| 2021-2024

Vaccine Hesitancy in the (Post-)COVID-19 EU: Effects of European Identity, Party Orientation, Trust and Political Polarisation


Currently, the COVID-19 vaccine hesitancy (VH) – a reluctance or refusal to be vaccinated – varies considerably across EU member states (74,3% in Spain versus 58,9% in France and 56,3% in Poland) (Lazarus et al., 2020). Understanding why and how this vaccine hesitancy occurs is important, and the relevance of this issue carries beyond national borders. This is especially the case in the EU–comprised of 27 countries with diverse experience of the COVID-19 pandemic, various political systems and citizens embedded in different political communities. So far, vaccine hesitancy in developed countries has been investigated mostly from the health sciences perspective and focused almost exclusively (1) on socio-economic and demographic explanations (2) in specific subgroups of the population (at meso- levels, e.g. health professionals, parents, religious or immigrant communities). Little has been done in the field of political science to explore possible (1) political explanations for vaccine hesitancy and (2) at other than meso-levels (i.e. at macro-(cross-country) and micro-(individual)level). Meanwhile, the cross-national differences in VH and recent evidence suggest that VH might be strongly linked to political factors. Against this backdrop, this project asks: how do political factors explain vaccine hesitancy at macro- and micro-levels? In this interdisciplinary project, I combine insights from political science, political psychology, European studies, public administration and health sciences to build a theoretical model offering political explanations of vaccine hesitancy. Based on extensive literature review, I conceptualize vaccine hesitancy as contradictory to vaccination, which is a (a) pro-social (b) rule and norm compliant (c) risk-taking behavior. As such, it is likely to be a result of both normative (i.e. European identity, party orientations) and instrumental modes of compliance (i.e. trust) known from the compliance literature. To these, I add one more political factor of possibly high relevance for vaccine hesitancy: political polarization. As research shows, increasing political polarization is currently undermining functioning of democratic regimes around the world (Carothers & O'Donohue, 2019; Citrin & Stoker, 2018; McCoy, Rahman, & Somer, 2018; McCoy & Somer, 2019). In politically polarized states, "cleavages are likely to be very deep, consensus is surely low, and legitimacy of the political system is widely questioned" (Sartori, 1976, p. 135). High political polarization hinders government's capacity to solve collective action problems, which might result in e.g. vaccine hesitancy. This project contributes to several important academic debates. First, I add to health sciences by bringing in a political science perspective: I offer new political explanations to the old questions of vaccine hesitancy. Second, I formulate socio-political consequences of political polarization and trust in a highly relevant area of public health. Third, I adapt the theoretical framework of rule compliance to a new field of vaccination and vaccine hesitancy. Fourth, I link the specific rule compliance behavior to the issues of national vs. European identity, exploring to what extent these political identities can be translated into a pro-social risk-taking behavior.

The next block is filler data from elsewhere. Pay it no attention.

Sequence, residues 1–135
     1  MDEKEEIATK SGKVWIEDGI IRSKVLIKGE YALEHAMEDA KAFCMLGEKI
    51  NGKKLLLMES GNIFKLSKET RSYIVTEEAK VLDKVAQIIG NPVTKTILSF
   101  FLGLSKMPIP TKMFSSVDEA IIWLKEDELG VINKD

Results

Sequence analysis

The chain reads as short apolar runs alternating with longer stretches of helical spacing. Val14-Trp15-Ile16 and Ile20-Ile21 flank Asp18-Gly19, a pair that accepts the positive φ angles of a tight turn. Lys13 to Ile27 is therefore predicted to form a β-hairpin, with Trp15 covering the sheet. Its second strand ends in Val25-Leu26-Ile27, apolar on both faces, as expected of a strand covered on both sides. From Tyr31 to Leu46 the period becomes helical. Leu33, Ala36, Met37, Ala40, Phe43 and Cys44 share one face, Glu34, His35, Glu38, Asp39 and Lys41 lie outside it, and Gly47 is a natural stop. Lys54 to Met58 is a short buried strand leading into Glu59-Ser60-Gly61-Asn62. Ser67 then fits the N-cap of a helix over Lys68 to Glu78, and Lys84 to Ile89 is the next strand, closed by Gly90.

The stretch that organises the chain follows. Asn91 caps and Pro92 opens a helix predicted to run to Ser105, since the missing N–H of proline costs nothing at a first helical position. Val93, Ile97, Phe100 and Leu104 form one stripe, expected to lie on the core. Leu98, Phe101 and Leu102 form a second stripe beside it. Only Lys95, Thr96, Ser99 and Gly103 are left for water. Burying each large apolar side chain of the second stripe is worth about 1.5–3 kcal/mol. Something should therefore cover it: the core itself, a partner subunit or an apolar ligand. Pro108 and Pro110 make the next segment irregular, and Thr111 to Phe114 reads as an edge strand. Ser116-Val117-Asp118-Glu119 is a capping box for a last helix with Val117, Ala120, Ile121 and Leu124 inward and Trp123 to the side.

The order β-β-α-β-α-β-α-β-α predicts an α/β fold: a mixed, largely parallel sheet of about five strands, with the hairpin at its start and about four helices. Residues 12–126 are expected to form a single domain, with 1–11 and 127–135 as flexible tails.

Project team